"This certainly isn't a farewell," said Music Director Nicholas McGegan. "It has been an enormous honour and privilege but also tremendous fun to work with our terrific musicians for half my life, and I look forward to many more years of performances as Music Director Laureate, with fewer administrative responsibilities. Thanks to the musicians, board, staff, donors and our wonderful audience, I've been able to realise so many of my artistic dreams, creating lots of happy memories along the way."
For more information, visit https://philharmonia.org/about/nicholas-mcgegan/
--Amanda Sweet, Bucklesweet
Harpsichord Star Mahan Esfahani Opens Miller Theatre's New "Signature Keys" Series
Back by popular demand, the exceptionally gifted Mahan Esfahani returns for two harpsichord recitals featuring J.S. Bach's treasured Well-Tempered Clavier at Columbia University's Miller Theatre, NYC. Over two nights, Esfahani pairs selections from Bach's masterpiece with a world premiere commission by George Lewis, as well as contemporary works from Luciano Berio and Tristan Perich.
Concert I: Wednesday, November 7
J.S. Bach selections from The Well-Tempered Clavier, Book I (1722)
George Lewis new work for harpsichord (2018), world premiere, Miller Theatre commission
Concert II: Thursday, November 8
J.S. Bach selections from The Well-Tempered Clavier, Book II (1742)
Luciano Berio Rounds (1966)
Tristan Perich Dual Synthesis (2009)
For complete information, visit millertheatre.com
--Aleba & Co.
Baby Got Bach Family Concert with Orli Shaham & Westerlies Brass
Princeton University Concerts' popular family concert for kids 3-6 and their families, "Baby Got Bach," returns on Saturday, November 3 at 1 PM at Richardson Auditorium. Hosted by pianist Orli Shaham with guest artists the Westerlies Brass Quartet, this year's concert will focus on introducing pre-school-aged kids to the joy of live classical music.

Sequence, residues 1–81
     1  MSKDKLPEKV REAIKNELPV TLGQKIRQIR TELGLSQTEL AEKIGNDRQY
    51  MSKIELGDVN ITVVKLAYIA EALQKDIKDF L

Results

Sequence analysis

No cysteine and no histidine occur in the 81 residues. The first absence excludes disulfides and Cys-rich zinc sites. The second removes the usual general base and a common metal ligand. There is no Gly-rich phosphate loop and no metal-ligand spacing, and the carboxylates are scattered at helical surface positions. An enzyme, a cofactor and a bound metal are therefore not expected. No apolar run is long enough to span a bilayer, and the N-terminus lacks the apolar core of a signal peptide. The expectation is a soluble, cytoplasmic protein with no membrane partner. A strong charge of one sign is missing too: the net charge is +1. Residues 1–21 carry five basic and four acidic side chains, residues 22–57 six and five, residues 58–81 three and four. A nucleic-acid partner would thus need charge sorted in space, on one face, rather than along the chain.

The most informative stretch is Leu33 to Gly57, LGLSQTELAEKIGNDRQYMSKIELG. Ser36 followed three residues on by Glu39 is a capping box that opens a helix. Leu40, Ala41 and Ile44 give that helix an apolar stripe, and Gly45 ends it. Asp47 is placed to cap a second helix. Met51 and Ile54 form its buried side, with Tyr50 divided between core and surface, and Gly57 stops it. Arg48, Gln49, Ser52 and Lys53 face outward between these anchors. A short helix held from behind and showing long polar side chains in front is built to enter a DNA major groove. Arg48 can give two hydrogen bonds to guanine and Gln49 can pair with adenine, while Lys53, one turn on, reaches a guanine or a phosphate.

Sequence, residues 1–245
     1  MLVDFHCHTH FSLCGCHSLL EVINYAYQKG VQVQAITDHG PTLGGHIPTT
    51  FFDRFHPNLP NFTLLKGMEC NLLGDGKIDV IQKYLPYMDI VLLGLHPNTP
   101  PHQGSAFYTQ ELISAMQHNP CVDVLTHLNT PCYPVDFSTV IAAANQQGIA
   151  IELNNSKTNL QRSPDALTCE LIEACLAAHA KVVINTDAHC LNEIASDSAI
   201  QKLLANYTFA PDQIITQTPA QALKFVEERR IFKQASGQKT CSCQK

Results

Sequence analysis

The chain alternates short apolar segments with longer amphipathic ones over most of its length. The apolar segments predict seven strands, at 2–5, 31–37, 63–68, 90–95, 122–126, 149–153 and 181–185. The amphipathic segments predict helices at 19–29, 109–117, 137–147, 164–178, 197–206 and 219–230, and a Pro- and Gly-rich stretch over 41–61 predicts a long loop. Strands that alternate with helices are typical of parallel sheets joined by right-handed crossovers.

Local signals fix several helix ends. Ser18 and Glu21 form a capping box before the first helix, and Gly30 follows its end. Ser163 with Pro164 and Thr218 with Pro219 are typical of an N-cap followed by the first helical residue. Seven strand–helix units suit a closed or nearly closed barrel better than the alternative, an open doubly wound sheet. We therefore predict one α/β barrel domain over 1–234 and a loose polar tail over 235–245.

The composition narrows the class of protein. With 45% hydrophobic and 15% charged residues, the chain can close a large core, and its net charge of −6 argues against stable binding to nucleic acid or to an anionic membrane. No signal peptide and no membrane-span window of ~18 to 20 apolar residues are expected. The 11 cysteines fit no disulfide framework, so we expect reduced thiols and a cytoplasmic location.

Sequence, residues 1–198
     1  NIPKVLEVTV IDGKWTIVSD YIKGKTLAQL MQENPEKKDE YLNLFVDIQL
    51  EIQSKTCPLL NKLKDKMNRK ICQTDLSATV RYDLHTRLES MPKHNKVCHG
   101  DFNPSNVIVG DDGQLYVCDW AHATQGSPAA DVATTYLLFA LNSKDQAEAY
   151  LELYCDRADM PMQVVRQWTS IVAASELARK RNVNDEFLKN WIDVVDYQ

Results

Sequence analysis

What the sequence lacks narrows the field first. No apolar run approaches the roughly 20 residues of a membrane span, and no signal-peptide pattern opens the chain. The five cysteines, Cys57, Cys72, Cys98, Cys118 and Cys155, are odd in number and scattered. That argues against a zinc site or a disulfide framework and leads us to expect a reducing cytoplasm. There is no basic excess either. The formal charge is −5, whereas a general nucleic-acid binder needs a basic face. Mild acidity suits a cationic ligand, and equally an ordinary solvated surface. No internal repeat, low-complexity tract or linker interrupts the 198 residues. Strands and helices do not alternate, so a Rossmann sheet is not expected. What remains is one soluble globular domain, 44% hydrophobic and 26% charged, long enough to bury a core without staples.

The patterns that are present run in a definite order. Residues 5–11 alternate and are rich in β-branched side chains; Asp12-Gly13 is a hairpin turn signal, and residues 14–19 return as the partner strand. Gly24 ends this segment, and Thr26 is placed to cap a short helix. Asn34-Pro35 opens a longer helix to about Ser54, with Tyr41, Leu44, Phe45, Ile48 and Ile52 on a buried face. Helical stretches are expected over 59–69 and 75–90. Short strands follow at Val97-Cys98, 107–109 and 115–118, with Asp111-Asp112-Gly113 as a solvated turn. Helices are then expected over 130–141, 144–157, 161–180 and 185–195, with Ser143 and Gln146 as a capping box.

"Baby Got Bach: Bring on the Brass!"
Saturday, November 3, 2018 at 1PM
A family chamber music concert for kids ages 3-6
Princeton University Concerts, Richardson Auditorium in Alexander Hall, Princeton University
Tickets: $5 Kids/$10 Adults. Tickets are available online at princetonuniversityconcerts.org, by phone at 609-258-9220, or in person two hours prior to the concert at the Richardson Auditorium Box Office.
For more information, visit http://www.princetonuniversityconcerts.org/
--Dasha Koltunyuk, Princeton University Concerts
Cellist Maksin Joins Orion Ensemble in November
The Orion Ensemble, winner of the prestigious Chamber Music America/ASCAP Award for Adventurous Programming, continues its 26th season with "Russian Passion," welcoming guest cellist Ian Maksin and guest violist Stephen Boe.
Performances take place November 11 at a new venue, First Congregational Church of Glen Ellyn, Il; November 14 at the PianoForte Studios in downtown Chicago; and November 18 at the Music Institute of Chicago's Nichols Concert Hall in Evanston, Il.
For more information, visit orionensemble.org.
Meet the Staff
John J. Puccio, Editor, Publisher, Reviewer
Understand, I'm just an everyday guy reacting to something I love. And I've been doing it for a very long time, my appreciation for classical music starting with the musical excerpts on the Big Jon and Sparkie radio show in the early Fifties and the purchase of my first recording, The 101 Strings Play the Classics, around 1956. In the late Sixties I began teaching high school English and Film Studies as well as becoming interested in hi-fi, my audio ambitions graduating me from a pair of AR-3 speakers to the Fulton J's recommended by The Stereophile's J. Gordon Holt. In the early Seventies, I began writing for a number of audio magazines, including Audio Excellence, Audio Forum, The Boston Audio Society Speaker, The American Record Guide, and from 1976 until 2008, The $ensible Sound, for which I served as Classical Music Editor.